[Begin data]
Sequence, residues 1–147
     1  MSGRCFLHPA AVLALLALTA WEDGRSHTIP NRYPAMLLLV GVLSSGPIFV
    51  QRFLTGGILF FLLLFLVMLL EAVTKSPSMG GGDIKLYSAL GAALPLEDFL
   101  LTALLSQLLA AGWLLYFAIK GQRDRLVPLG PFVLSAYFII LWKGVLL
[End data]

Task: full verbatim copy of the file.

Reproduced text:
Sequence, residues 1–147
     1  MSGRCFLHPA AVLALLALTA WEDGRSHTIP NRYPAMLLLV GVLSSGPIFV
    51  QRFLTGGILF FLLLFLVMLL EAVTKSPSMG GGDIKLYSAL GAALPLEDFL
   101  LTALLSQLLA AGWLLYFAIK GQRDRLVPLG PFVLSAYFII LWKGVLL